When we look at the candidate for whom to vote, we look at what they have done in office (or elsewhere): how they have voted, what legislation they have introduced, their record prior to taking office, what have you. Our members of Congress champion their efforts at defending issues on their and their party’s agendas – environmental protection, worker rights, healthcare, reproductive rights, economic stability – though admittedly party identification typically predicts voter choice better than does information about particular policy positions and actions taken on those issues. Having a record on which to stand is considered, if nothing else, better than the alternative, and particularly in an election year (such as this) or in the aftermath of a crisis (e.g., a mass shooting), people look to our members of Congress to do something.
Members of Congress do not engage in implementation. They draft legislation that delegates to administrative agencies (e.g., Health and Human Services, Environmental Protection Agency, etc.) that carry out the complex tasks of implementation by way of rulemaking and enforcement actions, much of which is highly important but lacks the “sexiness” and the visibility of lawmaking except in particularly controversial cases. Such delegation is justified on the grounds not just of the realities of Congress's workload, but also because bureaucrats have the knowledge and technical expertise from which to draw in promulgating regulations (see, e.g., Chevron v. NRDC). Moreover, unlike members of Congress, bureaucrats are not directly accountable to the electorate, making it more difficult to exert political pressure on those engaged in these important tasks of policymaking. When it becomes clear that action must be taken, we often, then, look to Congress whether or not we are doing so correctly, and members have the electoral incentive to introduce and work to pass legislation that allows them to, if not effect policy change, at least pass the buck.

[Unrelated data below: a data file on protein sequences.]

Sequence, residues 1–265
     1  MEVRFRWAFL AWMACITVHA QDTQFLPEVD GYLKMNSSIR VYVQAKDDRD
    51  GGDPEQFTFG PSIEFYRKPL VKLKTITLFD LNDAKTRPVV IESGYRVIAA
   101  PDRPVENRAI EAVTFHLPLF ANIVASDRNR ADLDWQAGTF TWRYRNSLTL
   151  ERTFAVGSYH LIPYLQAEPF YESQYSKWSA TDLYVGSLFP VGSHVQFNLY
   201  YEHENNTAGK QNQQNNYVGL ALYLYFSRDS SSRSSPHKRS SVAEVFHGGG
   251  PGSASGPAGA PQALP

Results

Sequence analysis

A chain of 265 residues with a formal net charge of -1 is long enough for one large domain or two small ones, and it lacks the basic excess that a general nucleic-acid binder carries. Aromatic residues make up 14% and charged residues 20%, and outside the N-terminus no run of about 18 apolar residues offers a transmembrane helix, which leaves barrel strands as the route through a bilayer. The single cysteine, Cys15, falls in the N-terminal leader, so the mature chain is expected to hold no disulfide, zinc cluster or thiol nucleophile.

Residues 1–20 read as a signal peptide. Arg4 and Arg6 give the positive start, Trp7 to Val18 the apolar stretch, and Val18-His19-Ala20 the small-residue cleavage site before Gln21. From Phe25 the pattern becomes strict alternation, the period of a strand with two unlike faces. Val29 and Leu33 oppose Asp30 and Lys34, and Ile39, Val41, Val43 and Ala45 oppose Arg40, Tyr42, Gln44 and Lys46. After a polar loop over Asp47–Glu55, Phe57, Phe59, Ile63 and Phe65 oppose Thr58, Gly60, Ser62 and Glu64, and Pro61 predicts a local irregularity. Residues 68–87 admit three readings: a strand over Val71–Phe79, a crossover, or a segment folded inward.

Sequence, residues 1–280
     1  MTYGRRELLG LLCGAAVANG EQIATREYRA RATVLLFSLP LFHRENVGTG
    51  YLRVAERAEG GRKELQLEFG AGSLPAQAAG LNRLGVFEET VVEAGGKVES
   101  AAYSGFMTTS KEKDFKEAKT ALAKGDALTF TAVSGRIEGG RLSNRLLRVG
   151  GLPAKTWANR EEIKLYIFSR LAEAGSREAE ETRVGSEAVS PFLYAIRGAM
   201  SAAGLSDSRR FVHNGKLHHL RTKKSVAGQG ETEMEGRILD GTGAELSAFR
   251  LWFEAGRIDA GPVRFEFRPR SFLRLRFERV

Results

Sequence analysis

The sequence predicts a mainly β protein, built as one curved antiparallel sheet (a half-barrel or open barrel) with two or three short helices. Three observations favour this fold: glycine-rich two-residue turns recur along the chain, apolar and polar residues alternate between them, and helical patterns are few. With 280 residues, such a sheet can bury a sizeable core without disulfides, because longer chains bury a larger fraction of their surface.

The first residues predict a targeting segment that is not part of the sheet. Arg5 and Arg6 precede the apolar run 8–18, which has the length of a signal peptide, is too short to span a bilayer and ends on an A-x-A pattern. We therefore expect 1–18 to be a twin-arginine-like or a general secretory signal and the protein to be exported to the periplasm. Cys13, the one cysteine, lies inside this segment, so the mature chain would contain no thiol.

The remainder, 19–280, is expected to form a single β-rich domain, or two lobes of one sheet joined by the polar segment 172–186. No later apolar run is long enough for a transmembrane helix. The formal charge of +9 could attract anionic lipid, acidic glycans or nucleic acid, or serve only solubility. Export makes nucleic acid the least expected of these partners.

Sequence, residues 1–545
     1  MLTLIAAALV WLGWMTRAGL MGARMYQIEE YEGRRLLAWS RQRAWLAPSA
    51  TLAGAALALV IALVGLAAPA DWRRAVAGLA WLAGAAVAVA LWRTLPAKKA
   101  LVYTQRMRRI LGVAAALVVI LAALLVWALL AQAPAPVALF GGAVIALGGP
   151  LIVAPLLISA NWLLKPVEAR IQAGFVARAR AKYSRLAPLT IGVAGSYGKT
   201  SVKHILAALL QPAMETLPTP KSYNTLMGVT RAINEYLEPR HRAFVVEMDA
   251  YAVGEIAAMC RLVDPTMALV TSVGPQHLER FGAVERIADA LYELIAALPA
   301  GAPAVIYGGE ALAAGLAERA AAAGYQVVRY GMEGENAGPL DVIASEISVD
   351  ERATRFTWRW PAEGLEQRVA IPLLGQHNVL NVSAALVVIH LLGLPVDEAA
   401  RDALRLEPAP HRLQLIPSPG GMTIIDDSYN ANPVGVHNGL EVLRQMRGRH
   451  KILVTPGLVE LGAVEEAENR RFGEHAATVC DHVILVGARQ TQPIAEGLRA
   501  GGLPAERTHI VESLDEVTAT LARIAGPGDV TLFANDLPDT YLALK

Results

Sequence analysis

This is dynamic better suited to credit claiming than it is to effecting actual change from the status quo, and an issue that we saw today in the context of the House of Representatives’ passage of HR 2646: The Helping Families in Mental Health Crisis Act, sponsored by Republican Representative Tim Murphy (PA-18). The legislation, sponsored by 207 members, passed with nearly unanimous support with a vote of 422-2.